36. In June 2012 the International Labour Conference will discuss a possible Recommendation on a Social Protection Floor. Complementing the existing ILO social security standards, such a Recommendation would provide flexible but meaningful guidance to Member States in building national social security floors within comprehensive social security systems. Guiding national social security extension strategies, such a Recommendation would also support national social, economic and employment policy strategies, and contribute to poverty reduction and the formalization of informal employment.

37. A Social Protection Floor (SPF) is fundamental to sustainable development as it entails that citizens share life-cycle and market risks in a fair manner and allows workers and communities to shift into new forms of sustainable economic activity without the fear of falling into extreme poverty. The Global Social Protection Floor Initiative is a coherent global social policy concept that promotes nationally defined strategies that protect a minimum level of access to essential services and income security for all. It underpins a broader social security system that caters to citizens of all levels of income. Accounting for both demand and supply side measures, a national SPF is a basic set of rights and transfers that enables and empowers in particular the poorest members of a society to access a minimum of goods and services in the areas of health, water and sanitation and housing, education, food and related information throughout their life-cycle.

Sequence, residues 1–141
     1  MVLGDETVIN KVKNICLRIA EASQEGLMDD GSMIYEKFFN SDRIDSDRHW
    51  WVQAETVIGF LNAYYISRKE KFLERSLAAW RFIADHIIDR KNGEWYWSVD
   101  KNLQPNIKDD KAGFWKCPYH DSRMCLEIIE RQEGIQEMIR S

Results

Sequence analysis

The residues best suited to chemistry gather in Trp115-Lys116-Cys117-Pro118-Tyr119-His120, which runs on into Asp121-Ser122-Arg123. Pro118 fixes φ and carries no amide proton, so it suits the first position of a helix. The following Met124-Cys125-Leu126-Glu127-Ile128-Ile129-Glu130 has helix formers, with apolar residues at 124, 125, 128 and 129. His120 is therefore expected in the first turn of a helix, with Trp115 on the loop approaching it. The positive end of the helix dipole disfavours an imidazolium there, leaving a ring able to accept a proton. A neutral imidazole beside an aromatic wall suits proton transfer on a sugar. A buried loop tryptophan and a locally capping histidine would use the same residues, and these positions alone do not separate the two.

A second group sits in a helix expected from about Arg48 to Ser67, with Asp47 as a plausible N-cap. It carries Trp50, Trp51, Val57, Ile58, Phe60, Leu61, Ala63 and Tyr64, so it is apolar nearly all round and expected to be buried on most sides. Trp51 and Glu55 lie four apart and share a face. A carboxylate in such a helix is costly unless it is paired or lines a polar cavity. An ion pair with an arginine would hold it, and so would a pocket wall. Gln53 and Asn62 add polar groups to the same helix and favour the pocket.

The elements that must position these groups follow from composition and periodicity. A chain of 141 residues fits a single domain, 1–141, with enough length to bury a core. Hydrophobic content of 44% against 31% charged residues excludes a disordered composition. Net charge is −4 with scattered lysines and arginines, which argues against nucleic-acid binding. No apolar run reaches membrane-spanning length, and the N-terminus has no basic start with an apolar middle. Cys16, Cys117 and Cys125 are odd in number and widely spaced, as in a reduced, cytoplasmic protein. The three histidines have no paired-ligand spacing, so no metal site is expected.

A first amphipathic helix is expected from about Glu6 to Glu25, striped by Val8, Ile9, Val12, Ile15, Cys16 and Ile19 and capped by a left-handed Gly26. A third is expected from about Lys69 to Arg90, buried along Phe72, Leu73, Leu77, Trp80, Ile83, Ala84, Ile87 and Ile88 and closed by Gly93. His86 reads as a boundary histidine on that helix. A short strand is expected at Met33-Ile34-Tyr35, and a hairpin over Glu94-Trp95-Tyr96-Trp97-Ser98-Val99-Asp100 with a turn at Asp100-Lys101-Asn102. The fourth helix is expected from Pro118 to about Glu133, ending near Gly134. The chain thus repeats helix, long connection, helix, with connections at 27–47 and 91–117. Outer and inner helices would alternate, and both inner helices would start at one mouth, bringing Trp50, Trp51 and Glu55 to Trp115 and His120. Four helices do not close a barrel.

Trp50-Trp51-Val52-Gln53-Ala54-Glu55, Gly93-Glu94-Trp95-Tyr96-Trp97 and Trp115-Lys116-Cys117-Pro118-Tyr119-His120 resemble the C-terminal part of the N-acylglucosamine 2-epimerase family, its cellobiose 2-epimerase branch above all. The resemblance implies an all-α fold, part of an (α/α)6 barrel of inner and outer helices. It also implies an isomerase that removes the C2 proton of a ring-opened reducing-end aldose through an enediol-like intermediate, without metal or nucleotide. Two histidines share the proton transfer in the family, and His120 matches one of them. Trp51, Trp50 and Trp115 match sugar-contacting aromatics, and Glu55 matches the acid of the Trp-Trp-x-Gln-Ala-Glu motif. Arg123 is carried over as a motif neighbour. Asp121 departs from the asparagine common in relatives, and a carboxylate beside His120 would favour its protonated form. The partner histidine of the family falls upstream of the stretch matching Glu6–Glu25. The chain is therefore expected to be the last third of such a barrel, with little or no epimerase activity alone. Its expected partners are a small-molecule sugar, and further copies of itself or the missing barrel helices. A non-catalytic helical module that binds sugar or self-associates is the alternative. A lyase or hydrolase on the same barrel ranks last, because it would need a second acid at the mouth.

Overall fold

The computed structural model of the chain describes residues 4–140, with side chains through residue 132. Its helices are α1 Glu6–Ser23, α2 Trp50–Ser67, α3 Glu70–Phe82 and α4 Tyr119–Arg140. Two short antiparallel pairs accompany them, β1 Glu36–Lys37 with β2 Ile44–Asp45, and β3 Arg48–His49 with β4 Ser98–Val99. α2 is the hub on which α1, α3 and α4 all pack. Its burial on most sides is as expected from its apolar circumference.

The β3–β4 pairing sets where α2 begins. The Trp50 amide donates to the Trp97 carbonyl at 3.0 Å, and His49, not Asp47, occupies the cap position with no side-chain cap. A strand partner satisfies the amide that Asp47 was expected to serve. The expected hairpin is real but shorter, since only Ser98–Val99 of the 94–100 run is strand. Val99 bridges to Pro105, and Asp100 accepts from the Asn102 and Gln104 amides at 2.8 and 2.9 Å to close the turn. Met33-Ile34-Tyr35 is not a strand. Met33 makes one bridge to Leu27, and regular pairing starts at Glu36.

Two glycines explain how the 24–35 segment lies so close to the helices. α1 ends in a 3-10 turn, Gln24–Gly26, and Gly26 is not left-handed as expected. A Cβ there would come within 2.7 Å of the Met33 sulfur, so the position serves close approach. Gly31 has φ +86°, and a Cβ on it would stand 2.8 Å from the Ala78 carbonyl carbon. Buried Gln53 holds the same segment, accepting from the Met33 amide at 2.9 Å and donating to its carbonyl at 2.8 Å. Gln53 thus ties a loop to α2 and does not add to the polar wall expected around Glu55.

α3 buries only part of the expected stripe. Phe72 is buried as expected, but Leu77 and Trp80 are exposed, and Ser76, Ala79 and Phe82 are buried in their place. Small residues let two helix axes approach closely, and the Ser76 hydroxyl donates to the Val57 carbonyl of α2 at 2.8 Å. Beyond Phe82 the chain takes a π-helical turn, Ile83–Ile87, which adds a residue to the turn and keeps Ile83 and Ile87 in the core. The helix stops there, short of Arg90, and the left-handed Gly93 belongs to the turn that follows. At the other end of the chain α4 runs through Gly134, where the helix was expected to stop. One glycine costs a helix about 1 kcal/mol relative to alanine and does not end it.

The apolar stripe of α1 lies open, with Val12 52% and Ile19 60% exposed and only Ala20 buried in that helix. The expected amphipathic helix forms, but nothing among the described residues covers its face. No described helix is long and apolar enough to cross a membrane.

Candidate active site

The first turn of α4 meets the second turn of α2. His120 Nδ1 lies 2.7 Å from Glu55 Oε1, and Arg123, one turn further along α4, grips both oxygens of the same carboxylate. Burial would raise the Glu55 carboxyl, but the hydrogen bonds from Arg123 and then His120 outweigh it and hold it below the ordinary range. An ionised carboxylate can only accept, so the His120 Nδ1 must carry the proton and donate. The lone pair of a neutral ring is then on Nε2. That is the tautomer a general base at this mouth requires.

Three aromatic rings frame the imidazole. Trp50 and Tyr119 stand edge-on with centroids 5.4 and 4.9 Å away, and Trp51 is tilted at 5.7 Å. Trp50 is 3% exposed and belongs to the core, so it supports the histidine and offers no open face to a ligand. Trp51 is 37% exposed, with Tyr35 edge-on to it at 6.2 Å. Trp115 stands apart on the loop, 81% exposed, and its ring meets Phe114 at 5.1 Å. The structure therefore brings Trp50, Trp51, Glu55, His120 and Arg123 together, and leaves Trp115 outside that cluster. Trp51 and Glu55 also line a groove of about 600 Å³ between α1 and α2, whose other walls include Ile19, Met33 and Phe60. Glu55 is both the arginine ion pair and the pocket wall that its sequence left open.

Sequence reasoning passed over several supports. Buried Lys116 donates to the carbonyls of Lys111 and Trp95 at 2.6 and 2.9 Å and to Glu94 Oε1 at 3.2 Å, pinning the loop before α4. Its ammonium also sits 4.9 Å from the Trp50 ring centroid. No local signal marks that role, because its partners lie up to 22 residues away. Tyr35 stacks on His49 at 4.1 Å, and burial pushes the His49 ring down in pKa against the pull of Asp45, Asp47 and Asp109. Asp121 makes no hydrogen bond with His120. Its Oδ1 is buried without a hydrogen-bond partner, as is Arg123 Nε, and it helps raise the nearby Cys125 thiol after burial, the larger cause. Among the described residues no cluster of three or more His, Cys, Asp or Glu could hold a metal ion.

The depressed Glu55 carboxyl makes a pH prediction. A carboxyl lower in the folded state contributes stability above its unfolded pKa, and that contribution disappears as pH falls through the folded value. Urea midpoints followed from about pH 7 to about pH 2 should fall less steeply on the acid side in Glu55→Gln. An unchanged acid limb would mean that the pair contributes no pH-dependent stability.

Guaranteeing access to essential services and transfers that are part of the SPF empowers people, economically and socially, to cope with the potential downsides of the transition. It also helps redistribute income, thus addressing structural inequalities that have both led to and reproduced unsustainable patterns of economic, environmental and social development.

Creating employment and decent work in a green economy

38. Economic, environmental and social policies should focus growth on the creation of decent work opportunities in sustainable enterprises in the real economy. Sustainable enterprises are a principal source of growth, wealth creation, employment and decent work, and safeguard the environment. 15 The promotion of sustainable enterprises is hence a major vehicle for achieving sustainable development, innovation and decent work. Entrepreneurship development and enterprise creation must be a key component in national development strategies especially in countries with high rates of youth unemployment. Central to the creation of sustainable enterprises is an enabling environment that combines the legitimate quest for profit with the need for sustainable development, which is development that respects human dignity and environmental sustainability.